Whenever a drama production is in the making at Providence Christian College, one can be sure that Ellen Avants will be involved. A native of Yorba Linda, CA, Avants will graduate this spring with Liberal Arts concentrations in English and Biblical and Theological Studies.
However, theatre remains her greatest passion. She expresses this fact in unambiguous terms: “I don’t think I enjoy anything more than being able to perform.”
Why did her parents name her Ellen? “My mom wanted an Ashley,” Avants explains. By the time she was born, the name Ashley seemed too popular, so her parents decided to use it as a middle name and call her Eleanor after her grandmother.
Almost every Sunday, Avants visits a local grill in Yorba Linda with her family called Blue Agave, which serves food influenced by the cuisine of Mexico, South America, and the Southwestern United States. Once they discovered the restaurant, it became a favorite family tradition.
The oldest of three siblings, Avants has a younger brother and sister. Her brother enters the story with unique significance. To students at Providence, who each possess a special narrative of how they arrived at the college, Avants’ experience will not come as a surprise. Avants comments on Providence’s name: “I can’t tell you how fitting it is.” When Avants was in high school, her brother decided to play baseball for a semester. Chas Nagel (a current senior at Providence) happened to be on the same team. The parents of Avants and Nagel had been acquainted in the past, and Avants emphasizes the unforeseen nature of their meeting: “It was kind of like, ‘What are you doing here?’ ” she says.
Nagel’s parents informed hers about Providence. At this point, she was considering not going to college and instead finding a job after graduation. However, events proceeded in a different manner. Avants calls the fact that her brother would try out for baseball–and that the Nagels would be involved–“providential.”
An English concentration was a natural choice for Avants. “I’ve always enjoyed reading,” she affirms. “I would pretend to read books before I could even read.” However, a time did occur during her freshman year when she lost interest in it. This situation did not last long, though: “But then I took a few English classes from Dr. Belz my sophomore year and he kind of converted me back.”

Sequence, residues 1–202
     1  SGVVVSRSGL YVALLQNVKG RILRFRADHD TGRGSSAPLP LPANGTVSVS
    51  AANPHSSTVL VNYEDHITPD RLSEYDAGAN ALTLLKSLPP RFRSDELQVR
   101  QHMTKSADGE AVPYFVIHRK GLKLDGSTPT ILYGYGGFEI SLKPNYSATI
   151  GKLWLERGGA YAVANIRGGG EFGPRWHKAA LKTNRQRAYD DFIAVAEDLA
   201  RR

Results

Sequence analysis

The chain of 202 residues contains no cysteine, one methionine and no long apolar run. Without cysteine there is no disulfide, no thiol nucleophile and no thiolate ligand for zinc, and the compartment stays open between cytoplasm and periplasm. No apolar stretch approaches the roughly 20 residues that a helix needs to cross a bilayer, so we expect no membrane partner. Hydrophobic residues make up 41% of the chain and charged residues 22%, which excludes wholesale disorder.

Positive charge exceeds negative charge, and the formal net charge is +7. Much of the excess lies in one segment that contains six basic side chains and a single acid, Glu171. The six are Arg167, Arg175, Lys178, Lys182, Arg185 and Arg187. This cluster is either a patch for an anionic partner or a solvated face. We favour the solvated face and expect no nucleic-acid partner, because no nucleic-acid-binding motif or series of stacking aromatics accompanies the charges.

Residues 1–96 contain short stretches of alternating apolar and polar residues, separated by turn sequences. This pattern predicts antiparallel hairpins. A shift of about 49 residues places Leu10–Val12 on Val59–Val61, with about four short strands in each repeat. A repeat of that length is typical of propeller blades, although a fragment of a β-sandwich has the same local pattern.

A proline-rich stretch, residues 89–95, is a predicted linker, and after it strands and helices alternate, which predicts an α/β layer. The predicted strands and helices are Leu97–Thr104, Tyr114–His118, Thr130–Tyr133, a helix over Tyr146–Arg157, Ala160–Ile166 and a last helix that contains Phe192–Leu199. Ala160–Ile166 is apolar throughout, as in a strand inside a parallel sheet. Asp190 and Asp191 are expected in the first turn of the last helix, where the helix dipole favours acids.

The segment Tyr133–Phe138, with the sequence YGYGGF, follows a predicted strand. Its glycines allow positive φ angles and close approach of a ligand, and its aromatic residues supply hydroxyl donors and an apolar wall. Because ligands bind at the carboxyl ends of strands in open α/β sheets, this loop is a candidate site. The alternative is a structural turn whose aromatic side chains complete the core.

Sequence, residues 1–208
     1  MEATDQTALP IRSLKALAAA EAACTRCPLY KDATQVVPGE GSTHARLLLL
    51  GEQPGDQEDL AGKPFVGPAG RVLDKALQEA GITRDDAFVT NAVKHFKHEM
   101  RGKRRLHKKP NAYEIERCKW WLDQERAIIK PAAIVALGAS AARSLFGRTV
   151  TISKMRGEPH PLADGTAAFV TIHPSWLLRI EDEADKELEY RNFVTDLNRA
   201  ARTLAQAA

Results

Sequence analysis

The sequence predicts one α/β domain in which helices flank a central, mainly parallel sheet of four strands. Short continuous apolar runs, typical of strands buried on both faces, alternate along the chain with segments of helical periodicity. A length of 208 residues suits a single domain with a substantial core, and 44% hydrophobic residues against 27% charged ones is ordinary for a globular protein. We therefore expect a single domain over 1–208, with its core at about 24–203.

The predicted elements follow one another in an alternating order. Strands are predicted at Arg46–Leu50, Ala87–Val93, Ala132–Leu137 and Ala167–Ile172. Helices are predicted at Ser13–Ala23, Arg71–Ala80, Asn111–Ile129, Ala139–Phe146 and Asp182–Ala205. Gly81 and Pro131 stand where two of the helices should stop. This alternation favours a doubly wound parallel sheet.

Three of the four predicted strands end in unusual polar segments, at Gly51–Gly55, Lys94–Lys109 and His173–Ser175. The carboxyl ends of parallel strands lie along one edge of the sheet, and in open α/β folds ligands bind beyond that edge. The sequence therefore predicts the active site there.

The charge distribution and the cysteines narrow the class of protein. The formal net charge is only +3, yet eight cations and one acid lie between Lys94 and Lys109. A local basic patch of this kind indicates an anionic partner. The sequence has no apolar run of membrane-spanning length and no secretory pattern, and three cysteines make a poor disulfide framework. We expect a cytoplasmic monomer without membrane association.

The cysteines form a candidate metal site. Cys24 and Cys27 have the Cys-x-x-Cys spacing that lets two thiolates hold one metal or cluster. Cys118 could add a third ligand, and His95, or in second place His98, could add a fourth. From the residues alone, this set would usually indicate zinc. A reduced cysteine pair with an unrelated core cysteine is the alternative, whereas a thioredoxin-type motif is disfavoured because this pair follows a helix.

What has influenced her most about Providence? “The one thing that changed my perspective…was Dr. Swanson’s teaching about the role of the Holy Spirit in our lives.” Here she pauses, saying she doesn’t know how to describe the idea without turning it into “a Dr. Swanson lecture.” She laughs, then clarifies that her appreciation is for “the whole teaching that he gives in Romans 8 about how we’re not condemned to sin anymore.” This has taught her to develop a love for Scripture and how it connects.
After graduating, Avants hopes to perform, either on stage or onscreen. She believes that acting in a place where people need to hear the gospel would be the perfect vocation. Her goal would be to establish herself in that arena as a witness, and by God’s grace not fall into the sin that is prevalent there. She asserts: “You can only do it with God’s grace, because otherwise you don’t have a chance.”
Avants states the message she would like to communicate to present and future Providence students: “Four years sounds like a long time, but it goes by fast. You want to savor it…academics are important, but you need to make time for relationships.” She emphasizes our need to take advantage of the small Christian community with which God, in his Providence, has blessed us.